US9654159B2 - Systems for and methods of using a mirrored wideband baseband current for automatic gain control of an RF receiver - Google Patents

Systems for and methods of using a mirrored wideband baseband current for automatic gain control of an RF receiver Download PDF

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US9654159B2
US9654159B2 US14/137,042 US201314137042A US9654159B2 US 9654159 B2 US9654159 B2 US 9654159B2 US 201314137042 A US201314137042 A US 201314137042A US 9654159 B2 US9654159 B2 US 9654159B2
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current
signal
wideband
receiver
configured
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US20150180516A1 (en
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Raul Salvi
Joseph P Heck
Geetha B Nagaraj
Shafiullah Syed
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Motorola Solutions Inc
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    • HELECTRICITY
    • H04ELECTRIC COMMUNICATION TECHNIQUE
    • H04BTRANSMISSION
    • H04B1/00Details of transmission systems, not covered by a single one of groups H04B3/00 - H04B13/00; Details of transmission systems not characterised by the medium used for transmission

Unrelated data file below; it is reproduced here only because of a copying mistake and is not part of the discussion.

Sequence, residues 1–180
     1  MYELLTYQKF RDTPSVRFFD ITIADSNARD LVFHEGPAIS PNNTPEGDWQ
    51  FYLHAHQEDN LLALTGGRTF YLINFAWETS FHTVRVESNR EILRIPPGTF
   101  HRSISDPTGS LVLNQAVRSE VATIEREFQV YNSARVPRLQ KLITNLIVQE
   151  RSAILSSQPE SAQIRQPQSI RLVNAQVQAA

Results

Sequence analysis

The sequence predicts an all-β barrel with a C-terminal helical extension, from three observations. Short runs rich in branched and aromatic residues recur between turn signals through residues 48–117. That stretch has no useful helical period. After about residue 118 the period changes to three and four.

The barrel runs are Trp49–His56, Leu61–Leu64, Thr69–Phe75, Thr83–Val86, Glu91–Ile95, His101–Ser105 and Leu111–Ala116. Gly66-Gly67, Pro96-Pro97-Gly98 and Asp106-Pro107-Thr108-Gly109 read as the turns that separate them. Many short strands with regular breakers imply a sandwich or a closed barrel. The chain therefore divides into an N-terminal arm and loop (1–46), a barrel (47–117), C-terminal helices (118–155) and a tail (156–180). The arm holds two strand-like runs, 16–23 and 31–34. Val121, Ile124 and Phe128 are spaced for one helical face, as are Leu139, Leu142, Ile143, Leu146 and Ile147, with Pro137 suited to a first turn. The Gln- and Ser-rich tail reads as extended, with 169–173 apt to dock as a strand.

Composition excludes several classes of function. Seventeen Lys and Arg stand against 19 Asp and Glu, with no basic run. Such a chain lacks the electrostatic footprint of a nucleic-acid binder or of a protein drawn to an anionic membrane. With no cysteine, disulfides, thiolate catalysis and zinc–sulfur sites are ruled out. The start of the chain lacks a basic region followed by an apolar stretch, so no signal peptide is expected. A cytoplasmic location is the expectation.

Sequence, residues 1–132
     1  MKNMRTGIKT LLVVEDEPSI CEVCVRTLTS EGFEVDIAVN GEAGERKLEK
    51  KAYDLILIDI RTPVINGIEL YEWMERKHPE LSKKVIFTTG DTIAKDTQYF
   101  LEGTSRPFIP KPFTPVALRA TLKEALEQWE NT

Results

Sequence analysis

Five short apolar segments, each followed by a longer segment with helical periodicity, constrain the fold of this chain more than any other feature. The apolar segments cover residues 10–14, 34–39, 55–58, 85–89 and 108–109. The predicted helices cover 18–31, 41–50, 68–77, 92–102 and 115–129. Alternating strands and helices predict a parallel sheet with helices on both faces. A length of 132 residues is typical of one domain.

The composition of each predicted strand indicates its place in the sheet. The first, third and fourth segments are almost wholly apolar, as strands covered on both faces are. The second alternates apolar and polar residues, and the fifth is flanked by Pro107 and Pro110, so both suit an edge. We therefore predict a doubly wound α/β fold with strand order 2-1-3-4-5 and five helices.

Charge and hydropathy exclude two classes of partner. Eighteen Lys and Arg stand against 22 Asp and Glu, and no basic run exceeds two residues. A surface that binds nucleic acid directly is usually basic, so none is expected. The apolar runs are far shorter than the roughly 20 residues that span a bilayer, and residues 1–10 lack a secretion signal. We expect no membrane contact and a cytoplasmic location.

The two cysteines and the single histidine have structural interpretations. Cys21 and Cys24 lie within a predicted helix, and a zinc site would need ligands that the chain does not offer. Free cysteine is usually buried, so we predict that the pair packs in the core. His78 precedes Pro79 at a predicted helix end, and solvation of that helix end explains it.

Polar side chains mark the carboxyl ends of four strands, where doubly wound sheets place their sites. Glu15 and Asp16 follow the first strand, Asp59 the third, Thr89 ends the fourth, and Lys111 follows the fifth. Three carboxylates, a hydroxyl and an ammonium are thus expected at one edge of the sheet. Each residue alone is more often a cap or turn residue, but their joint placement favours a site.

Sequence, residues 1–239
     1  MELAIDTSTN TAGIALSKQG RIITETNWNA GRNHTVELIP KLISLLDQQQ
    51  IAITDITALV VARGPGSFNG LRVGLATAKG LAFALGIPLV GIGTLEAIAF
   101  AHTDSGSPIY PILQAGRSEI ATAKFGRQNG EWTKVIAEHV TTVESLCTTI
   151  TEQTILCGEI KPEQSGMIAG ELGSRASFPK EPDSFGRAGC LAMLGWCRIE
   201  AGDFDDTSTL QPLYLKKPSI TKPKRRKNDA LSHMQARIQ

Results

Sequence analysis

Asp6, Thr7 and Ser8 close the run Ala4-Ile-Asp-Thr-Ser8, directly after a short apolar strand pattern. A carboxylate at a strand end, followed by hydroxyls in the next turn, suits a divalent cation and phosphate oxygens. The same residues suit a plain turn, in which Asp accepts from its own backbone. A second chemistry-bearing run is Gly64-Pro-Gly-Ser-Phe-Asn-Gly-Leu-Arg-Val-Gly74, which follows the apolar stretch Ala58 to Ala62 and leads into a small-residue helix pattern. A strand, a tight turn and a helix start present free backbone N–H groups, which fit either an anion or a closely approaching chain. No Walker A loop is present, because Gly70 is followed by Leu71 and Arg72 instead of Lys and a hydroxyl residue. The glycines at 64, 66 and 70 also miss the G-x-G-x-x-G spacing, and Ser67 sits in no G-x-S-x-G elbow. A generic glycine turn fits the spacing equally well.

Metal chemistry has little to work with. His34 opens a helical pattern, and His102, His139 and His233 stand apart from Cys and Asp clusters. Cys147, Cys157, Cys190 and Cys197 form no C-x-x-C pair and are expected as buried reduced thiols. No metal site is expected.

• H04B1/06Receivers
    • H04B1/10Means associated with receiver for limiting or suppressing noise or interference induced by transmission
    • H04B1/12Neutralising, balancing, or compensation arrangements
    • H04B1/123Neutralising, balancing, or compensation arrangements using adaptive balancing or compensation means
    • HELECTRICITY
    • H03BASIC ELECTRONIC CIRCUITRY
    • H03GCONTROL OF AMPLIFICATION
    • H03G3/00Gain control in amplifiers or frequency changers without distortion of the input signal
    • H03G3/20Automatic control
    • H03G3/30Automatic control in amplifiers having semiconductor devices
    • H03G3/3052Automatic control in amplifiers having semiconductor devices in bandpass amplifiers (H.F. or I.F.) or in frequency-changers used in a (super)heterodyne receiver
    • HELECTRICITY
    • H04ELECTRIC COMMUNICATION TECHNIQUE
    • H04BTRANSMISSION
    • H04B1/00Details of transmission systems, not covered by a single one of groups H04B3/00 - H04B13/00; Details of transmission systems not characterised by the medium used for transmission
    • H04B1/005Details of transmission systems, not covered by a single one of groups H04B3/00 - H04B13/00; Details of transmission systems not characterised by the medium used for transmission adapting radio receivers, transmitters andtransceivers for operation on two or more bands, i.e. frequency ranges